Dr Phil Battley
Postdoctoral Fellow, Shorebird demographics and movements
533a Ruahine Street
18 July 2003
To whom it may concern
Each year over 140,000 shorebirds migrate from New Zealand to the Arctic, most using the coasts of the Yellow Sea. In South Korea, the most important sites for shorebirds (Mangyeung and the Dongjin Estuaries) are being reclaimed as part of the Seamangeum reclamation project. This project will convert 40 100 ha of tidal flat into farmland, industrial land and lakes. The sites hold up to 500 000 migratory birds through the year, with peak daily counts of 150 000 birds. They are two of the most important habitats used by birds migrating along the East Asian-Australasian Flyway. About 30 bird species use the areas in internationally important numbers, including eight globally endangered bird species. Two of these (Spoon-billed Sandpiper and Spotted Greenshank) may number as few as 1,000 individuals. The conservation of New Zealand's migratory birds will also be affected by the reclamation, as Bar-tailed Godwits from New Zealand migrate through South Korea.
The South Korean government has forged ahead on this project, which was designed by the military government of the 1980s, despite widespread opposition from local and international conservation groups, local fishing communities, and religious groups. A 33 km long seawall that will enclose the estuaries is 80% completed. When finished, the project will destroy a critical habitat for shorebirds, as well as greatly reduce the sediment and freshwater reaching the Yellow Sea.
It is impossible to view the development as anything but an environmental catastrophe.
This week, a Korean court ruled that all construction activities in the project must stop as it found that the reservoirs created by the project will be too polluted to use as proposed and the expense of resolving water pollution issues too high. A higher court will review the project and decide how to proceed. A decision is expected within 2-3 months, though locals in South Korea believe it could be as soon as 2-3 weeks.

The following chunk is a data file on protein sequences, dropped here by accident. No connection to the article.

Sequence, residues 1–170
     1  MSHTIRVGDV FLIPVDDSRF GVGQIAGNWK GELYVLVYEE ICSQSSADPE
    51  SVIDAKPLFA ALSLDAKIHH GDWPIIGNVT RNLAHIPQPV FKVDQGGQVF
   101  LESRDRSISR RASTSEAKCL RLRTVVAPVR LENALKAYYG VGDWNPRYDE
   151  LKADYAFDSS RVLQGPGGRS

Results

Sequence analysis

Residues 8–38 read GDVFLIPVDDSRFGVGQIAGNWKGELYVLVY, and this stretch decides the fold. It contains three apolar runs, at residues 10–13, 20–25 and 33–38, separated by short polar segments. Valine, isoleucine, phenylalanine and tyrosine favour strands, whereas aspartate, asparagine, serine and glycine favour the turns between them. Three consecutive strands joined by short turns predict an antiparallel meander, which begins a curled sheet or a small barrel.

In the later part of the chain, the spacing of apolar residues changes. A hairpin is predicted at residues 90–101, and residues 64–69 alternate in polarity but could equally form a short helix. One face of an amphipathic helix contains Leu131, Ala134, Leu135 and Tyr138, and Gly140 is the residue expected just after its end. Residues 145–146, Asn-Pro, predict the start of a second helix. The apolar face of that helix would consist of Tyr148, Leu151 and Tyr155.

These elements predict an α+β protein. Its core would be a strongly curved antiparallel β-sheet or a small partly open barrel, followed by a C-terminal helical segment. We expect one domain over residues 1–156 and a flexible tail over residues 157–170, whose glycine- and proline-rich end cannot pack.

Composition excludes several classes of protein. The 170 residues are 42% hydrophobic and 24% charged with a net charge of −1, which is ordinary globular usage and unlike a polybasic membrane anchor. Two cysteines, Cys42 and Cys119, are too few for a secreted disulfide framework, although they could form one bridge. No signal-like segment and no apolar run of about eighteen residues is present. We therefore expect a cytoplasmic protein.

Prime Minister Helen Clark's visit to South Korea provides a timely opportunity to express concern at development of the Seamangeum area. New Zealand has responsibilities under the Ramsar Convention, the Bonn Convention of Migratory Species, and the Convention on Biological Diversity. The conservation of birds such as the Bar-tailed Godwit is affected by the Seamangeum reclamation project.
I encourage the New Zealand government to take a message from the people of New Zealand to the South Korean government, to point out our concern at the reclamation of their tidal flats. The ecological implications of this land-claim extend from Alaska to Australia and New Zealand. Such a project would not be allowed in New Zealand. We believe that the raising of the matter by the New Zealand government would carry great weight and demonstrate that New Zealand takes its international conservation responsibilities seriously.